To better enable Emory employees to take advantage of the premier health care facility that is located literally right next door, the Emory Clinic is taking steps to improve access for patients who work for the University and all its affiliated institutions.
Beginning in January 2004, Emory employees can schedule clinic
appointments through a new, two-tiered process designed specially
for them and titled "Emory Employee Access." First, patients can
use the traditional route by calling section schedulers to make
appointments (it will be the patients' responsibility to notify
the scheduler that they are Emory employees). If the employee
patient is not satisfied with the time frame to appointment, a
second tier--the Employee Patient Advocate Line--allows for some
"Emory employees long felt confused about how to access the services of the Emory Clinic, said Donald Brunn, the clinic's chief operating officer. "As Emory looked at how its employees accessed health care providers through its health plans this last year, we saw that thousands of visits were going outside the clinic. Sometimes, it's because employees don't live close enough to a clinic location, in other cases, it's because they don't feel they can readily secure an appointment. We intend to correct that."
Indeed, in an employee survey conducted by the Emory Healthcare marketing department in September, employees cited the perceived inability to get appointments with Emory Clinic doctors within a reasonable time frame as a top concern. The nearly 4,000 responses supported the creation of Emory Employee Access as a valuable and worthwhile initiative.
Though Emory Employee Access may not always change the time it takes to get an appointment (Emory employees will not receive preferential treatment in this respect over the general public), it will provide employees with scheduling resources available only to them. And employee patients may find they are able to get appointments quicker--as long as they do not insist on seeing a particular physician.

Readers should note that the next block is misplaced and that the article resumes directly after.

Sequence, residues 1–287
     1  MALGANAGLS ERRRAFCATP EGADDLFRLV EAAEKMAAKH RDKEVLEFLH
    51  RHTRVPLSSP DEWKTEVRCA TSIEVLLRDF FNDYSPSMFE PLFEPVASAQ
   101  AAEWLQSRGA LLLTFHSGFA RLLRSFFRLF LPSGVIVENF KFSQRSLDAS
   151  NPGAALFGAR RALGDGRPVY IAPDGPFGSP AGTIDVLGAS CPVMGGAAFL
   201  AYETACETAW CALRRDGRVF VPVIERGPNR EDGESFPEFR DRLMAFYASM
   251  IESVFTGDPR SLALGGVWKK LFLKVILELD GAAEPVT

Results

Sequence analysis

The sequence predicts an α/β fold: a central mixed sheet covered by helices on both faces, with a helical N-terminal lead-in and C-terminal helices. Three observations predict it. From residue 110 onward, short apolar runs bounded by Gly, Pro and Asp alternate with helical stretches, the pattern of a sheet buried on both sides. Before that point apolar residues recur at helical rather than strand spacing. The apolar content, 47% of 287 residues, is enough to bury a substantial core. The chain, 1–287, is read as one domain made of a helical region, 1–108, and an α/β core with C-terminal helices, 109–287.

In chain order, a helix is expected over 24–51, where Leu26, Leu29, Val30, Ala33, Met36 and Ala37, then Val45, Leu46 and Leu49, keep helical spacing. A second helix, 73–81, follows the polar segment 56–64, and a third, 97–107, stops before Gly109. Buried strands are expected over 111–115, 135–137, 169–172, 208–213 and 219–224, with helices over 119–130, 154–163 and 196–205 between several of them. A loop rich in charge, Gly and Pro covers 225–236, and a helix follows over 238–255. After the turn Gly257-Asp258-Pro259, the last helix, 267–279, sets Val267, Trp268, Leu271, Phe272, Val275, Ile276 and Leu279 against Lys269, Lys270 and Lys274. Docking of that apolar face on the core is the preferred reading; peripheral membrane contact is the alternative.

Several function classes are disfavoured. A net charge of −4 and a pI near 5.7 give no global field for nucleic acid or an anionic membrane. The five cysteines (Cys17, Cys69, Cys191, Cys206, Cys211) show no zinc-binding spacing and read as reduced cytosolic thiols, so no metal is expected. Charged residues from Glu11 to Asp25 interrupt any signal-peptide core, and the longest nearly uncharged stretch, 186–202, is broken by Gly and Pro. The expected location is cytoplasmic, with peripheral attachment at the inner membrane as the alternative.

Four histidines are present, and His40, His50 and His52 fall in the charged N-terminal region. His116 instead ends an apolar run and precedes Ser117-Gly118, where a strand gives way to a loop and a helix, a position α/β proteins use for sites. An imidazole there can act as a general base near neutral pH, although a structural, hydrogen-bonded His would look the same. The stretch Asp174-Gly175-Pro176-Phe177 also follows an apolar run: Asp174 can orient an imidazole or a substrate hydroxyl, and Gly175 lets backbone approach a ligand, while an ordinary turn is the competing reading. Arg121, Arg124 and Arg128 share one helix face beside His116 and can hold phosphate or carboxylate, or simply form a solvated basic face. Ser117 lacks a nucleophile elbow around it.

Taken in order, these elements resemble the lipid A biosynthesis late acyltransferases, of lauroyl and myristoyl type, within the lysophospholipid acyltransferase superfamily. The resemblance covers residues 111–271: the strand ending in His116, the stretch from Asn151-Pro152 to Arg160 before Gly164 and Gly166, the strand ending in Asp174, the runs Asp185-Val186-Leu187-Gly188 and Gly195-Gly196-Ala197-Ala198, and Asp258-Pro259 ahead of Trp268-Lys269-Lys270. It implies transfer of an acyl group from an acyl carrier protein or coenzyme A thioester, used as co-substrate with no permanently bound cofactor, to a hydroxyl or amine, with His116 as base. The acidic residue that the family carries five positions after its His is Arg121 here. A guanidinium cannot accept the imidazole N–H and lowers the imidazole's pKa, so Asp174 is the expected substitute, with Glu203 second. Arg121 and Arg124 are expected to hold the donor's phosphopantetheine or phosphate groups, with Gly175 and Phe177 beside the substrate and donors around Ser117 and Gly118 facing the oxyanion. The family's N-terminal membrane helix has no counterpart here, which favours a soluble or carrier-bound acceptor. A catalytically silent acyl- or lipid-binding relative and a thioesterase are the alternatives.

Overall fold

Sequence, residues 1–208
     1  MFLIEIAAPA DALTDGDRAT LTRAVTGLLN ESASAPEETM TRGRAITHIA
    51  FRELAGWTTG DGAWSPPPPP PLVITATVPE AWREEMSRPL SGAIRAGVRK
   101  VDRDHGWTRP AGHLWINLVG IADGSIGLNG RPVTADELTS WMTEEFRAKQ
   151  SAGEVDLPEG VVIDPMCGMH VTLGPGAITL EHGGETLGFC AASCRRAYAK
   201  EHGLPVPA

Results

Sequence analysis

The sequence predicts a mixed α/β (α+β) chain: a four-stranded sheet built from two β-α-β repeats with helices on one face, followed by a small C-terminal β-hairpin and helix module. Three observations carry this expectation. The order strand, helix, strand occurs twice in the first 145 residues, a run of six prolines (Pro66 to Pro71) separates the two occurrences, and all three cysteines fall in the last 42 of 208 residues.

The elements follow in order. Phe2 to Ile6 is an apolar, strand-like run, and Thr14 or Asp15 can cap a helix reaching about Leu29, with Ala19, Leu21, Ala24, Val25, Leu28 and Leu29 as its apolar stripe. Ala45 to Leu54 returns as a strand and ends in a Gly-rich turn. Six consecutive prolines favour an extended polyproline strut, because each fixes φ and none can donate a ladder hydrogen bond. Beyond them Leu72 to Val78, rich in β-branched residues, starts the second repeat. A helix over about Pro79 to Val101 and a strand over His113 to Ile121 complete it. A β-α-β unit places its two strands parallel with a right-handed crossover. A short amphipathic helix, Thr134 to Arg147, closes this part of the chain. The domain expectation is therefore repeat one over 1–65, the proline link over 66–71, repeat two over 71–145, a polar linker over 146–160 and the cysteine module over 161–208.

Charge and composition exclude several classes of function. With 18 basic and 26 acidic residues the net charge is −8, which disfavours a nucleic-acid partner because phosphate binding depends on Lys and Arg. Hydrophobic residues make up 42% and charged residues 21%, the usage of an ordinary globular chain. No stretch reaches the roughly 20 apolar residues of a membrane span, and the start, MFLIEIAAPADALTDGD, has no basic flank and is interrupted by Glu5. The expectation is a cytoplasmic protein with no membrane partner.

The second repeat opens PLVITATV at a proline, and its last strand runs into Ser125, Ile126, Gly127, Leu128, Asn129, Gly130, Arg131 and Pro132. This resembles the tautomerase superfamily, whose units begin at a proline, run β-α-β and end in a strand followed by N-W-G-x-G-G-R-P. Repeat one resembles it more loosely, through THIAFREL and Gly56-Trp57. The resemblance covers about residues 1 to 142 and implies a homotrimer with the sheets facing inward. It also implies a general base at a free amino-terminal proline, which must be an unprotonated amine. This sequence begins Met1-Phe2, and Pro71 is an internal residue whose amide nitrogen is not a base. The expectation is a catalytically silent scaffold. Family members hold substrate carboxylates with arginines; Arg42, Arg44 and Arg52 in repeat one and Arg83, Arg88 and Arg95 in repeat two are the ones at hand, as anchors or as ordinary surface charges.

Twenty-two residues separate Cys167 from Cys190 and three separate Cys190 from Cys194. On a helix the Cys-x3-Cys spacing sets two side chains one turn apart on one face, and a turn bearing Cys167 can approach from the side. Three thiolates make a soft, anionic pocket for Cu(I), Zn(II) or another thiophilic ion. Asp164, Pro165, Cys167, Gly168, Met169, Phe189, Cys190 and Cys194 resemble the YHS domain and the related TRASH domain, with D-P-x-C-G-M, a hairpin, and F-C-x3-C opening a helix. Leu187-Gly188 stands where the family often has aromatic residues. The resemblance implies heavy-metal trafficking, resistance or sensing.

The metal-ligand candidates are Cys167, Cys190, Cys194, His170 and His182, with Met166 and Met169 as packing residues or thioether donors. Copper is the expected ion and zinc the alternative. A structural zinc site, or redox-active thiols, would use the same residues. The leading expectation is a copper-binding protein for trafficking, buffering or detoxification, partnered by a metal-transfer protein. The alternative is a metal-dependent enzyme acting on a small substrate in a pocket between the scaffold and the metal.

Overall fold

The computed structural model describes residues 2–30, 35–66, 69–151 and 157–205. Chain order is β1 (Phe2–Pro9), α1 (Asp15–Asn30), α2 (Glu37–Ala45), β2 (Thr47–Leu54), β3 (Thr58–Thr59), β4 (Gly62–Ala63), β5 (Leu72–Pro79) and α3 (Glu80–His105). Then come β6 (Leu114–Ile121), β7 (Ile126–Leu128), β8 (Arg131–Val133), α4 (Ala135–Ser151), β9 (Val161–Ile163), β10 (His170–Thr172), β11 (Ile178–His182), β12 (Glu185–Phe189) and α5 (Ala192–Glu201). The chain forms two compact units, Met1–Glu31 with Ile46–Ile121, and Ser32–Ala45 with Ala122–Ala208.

"We are providing access to our practice, not necessarily to individual physicians," said Reid Willingham, operations and planning coordinator, who is overseeing the project. "This is an innovative way to cross-sell our physicians who are not currently at capacity for patient visits."
Willingham has been working with all the clinic's various sections and specialties to obtain specific scheduling information such as the appropriate phone numbers and contact people, and reasonable expectations for appointment time frames. Soon the clinic will distribute to all Emory employees a section-specific scheduling card that will list the right numbers to call to make an appointment (referrals still will be required for specialists).
According to Willingham, in 2002 the Emory Clinic provided just 34 percent of applicable outpatient care to employees enrolled in Emory health plans. Since the clinic's departments are budgeted to accommodate a 5-10 percent increase in patient volumes in fiscal year 2004--and since the new University health plans for 2004 offer financial incentives for patients to see Emory doctors--Emory Employee Access comes at just the right time.
"The mission of Woodruff Health Sciences is 'making people healthy,'" said Brunn. "The
clinic needs to make certain that we fulfill this mission in our
own backyard: with our colleagues, coworkers and their families.
It's the right thing to do."